- First name(s)
- Position(s) held at King's College London
Lecturer of Photography (1849-1879)
Education & professional details
- School, college and/or university attended
King’s College Aberdeen 1836-1841
- Qualifications Ref: *3
- Position(s) held (non King's College London)
- London Illustrated News
- Editor British Journal of Photography
- Professional activities Ref: *3
- A talk to the North London Photographic Association on the "Waxed-paper Process" (1857)
- Attended a British Association for the Advancement of Science meeting at Aberdeen University in 1859
- Publications Ref: *3
- “The Waxed-Paper Process”, Journal of the Photographic Society, 4, (21 October 1857 & 21 November 1857)
- with Thomas Sutton BA, A Dictionary of Photography (1858)
- A Manual of Photography Founded on Hardwich's Photographic Chemistry, 8th Ed. (London, J & A Churchill: 1873)
- Date of birth
- 28th February 1821
- Place of birth Ref: *1
- Ordiquhill, Banff, Scotland
- Date of death
- Place of death Ref: *2
- Lewisham, London
- Obituary Ref: *3
- British Journal of Photography Almanac 1898, 1898
- Roger Taylor and Larry J. Schaaf, Impressed by Light: British Photographs from Paper Negatives, 1840-1860 (New York: Metropolitan Museum of Art, 2007), 307
- Family details
George Dawson was unmarried.
Notes Ref: *4
- George Dawson's numerous publications on photography remain standard reference works on the period to this day (2007). In 1857 Dawson exhibited considerable personal expertise in the waxed-paper process in a talk given to the North London Photographic Association. He was particularly active in the quest for a method of preventing the fading of photographic prints.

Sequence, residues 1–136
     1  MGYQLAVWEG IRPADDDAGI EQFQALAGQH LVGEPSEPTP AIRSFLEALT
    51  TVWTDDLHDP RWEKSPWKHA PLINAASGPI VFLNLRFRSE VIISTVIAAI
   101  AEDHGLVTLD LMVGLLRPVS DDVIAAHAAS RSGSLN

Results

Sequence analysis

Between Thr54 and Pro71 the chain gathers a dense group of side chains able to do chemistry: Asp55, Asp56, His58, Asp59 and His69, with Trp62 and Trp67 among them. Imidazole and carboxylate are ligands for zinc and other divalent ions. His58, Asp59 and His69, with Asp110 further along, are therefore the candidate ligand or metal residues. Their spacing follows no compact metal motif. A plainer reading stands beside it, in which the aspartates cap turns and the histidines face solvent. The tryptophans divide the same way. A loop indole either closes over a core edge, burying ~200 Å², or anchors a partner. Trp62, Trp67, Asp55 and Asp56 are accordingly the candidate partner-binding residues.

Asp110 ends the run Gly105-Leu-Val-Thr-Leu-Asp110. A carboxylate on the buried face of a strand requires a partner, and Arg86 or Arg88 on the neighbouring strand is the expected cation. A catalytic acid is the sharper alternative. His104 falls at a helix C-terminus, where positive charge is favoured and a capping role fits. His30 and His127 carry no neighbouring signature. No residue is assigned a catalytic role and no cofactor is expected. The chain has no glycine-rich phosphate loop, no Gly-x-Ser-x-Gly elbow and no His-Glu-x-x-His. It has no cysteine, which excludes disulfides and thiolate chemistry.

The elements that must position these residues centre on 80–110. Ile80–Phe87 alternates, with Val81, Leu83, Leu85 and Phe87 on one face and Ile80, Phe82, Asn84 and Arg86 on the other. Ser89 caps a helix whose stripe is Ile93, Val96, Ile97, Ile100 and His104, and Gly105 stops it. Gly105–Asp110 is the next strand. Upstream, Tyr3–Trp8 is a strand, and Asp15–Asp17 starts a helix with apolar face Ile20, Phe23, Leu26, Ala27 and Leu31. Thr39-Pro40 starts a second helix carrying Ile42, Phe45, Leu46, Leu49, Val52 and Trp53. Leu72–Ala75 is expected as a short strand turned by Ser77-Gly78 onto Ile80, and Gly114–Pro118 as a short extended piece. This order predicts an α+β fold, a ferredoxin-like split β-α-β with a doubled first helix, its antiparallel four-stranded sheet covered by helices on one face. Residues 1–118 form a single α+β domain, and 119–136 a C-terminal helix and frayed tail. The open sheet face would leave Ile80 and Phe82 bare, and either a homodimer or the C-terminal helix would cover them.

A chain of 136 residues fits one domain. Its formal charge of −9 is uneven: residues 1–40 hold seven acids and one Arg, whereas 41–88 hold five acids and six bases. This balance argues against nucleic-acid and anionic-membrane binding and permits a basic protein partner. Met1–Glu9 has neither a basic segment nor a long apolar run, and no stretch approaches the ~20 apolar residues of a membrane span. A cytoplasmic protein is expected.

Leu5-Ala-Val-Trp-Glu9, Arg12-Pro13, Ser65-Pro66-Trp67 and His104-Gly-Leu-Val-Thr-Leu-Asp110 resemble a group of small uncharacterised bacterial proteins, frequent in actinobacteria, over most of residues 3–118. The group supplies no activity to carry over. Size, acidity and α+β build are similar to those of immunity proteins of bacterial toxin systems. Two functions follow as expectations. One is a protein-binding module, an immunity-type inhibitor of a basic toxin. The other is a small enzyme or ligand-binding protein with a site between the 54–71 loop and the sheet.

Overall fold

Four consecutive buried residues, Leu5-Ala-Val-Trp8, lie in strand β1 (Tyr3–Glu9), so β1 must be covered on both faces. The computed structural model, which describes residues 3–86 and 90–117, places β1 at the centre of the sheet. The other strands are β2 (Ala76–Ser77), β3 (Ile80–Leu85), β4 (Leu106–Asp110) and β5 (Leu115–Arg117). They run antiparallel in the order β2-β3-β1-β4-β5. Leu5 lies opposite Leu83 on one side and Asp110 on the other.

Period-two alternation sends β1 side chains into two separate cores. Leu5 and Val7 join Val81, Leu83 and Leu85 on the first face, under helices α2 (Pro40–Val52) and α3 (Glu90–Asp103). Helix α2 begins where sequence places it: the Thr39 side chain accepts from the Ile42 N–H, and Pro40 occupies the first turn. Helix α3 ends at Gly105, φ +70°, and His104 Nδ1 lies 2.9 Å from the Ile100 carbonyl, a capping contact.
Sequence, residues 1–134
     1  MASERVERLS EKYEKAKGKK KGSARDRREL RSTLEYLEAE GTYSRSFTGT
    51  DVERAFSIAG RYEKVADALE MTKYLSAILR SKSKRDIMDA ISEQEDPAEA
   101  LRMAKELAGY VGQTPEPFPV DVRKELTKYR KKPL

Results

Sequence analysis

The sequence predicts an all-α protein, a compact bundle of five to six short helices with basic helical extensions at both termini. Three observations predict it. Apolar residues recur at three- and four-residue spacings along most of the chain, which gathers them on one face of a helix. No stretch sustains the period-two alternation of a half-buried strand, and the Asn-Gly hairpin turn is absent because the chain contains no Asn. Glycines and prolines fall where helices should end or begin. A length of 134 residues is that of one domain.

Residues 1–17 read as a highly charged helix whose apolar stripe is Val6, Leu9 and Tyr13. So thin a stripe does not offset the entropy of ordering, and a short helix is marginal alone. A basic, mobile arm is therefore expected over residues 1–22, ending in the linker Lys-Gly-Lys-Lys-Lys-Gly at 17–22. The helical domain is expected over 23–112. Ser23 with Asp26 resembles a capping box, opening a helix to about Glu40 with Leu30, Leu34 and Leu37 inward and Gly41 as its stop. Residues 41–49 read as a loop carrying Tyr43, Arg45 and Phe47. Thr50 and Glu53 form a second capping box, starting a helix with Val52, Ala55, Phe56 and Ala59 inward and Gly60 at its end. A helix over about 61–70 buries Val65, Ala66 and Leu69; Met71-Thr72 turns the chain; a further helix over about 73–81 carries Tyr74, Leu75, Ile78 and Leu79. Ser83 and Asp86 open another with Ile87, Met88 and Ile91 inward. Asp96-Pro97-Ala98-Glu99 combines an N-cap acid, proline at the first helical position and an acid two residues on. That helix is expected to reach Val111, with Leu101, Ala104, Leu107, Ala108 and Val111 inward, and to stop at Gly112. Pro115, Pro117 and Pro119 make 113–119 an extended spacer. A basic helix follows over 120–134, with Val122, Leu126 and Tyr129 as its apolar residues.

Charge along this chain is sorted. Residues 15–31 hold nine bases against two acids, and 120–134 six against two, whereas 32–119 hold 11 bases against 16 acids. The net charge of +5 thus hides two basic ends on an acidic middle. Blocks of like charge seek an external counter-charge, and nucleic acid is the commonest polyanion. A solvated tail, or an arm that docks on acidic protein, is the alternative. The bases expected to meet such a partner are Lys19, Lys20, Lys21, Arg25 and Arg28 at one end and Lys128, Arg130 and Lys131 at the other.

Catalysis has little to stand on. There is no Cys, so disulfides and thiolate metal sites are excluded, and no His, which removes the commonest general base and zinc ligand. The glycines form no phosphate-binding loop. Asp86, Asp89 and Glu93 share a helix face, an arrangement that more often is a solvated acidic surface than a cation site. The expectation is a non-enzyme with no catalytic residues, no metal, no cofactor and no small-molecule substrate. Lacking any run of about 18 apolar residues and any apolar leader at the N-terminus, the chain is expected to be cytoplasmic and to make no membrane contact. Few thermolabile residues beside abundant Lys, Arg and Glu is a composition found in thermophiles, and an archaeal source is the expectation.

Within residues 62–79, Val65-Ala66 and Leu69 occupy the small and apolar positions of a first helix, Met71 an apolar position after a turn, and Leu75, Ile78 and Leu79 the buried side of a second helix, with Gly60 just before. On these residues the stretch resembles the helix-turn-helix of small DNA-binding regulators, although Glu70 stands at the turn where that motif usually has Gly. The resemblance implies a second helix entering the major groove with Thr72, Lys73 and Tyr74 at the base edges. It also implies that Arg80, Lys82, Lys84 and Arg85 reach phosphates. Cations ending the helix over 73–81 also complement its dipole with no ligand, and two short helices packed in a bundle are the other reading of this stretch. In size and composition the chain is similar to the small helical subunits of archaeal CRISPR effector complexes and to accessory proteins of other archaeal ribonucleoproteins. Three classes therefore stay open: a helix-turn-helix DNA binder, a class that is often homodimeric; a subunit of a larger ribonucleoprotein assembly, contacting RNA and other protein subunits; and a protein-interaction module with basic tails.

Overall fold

- The waxed paper process, was invented in 1851 by Gustave Le Gray (1820-1882) and extended the life of paper negatives in the 1870s.
- George Dawson was the first Professor of Photography at King's College London. Thomas Sutton BA was a colleague of Dawson and a Lecturer of Photography at King's College London 1860-1861.
- George Dawson lived at 44 Nelson St. Bath in 22nd October 1861 when he wrote to King's College London to inform the Secretary that he had been a member of the Church of England for 18 years. Later in 1891 at the age of 70 he lived at Charterhouse, London.
- 1871 Census RG10 11C page 13
- England and Wales Deaths Index 1897 1d 762
- http://www.st-andrews.ac.uk/imu/imu.php? request=browse& irn=527
- Roger Taylor & Larry J. Schaaf, Impressed by Light: British Photographs from Paper Negatives, 1840-1860 (Metropolitan Museum of Art, New York, 2007); Museum of the History of Science Oxford University; KA/IC/D27; 1891 Census RG12 221/136 page 4.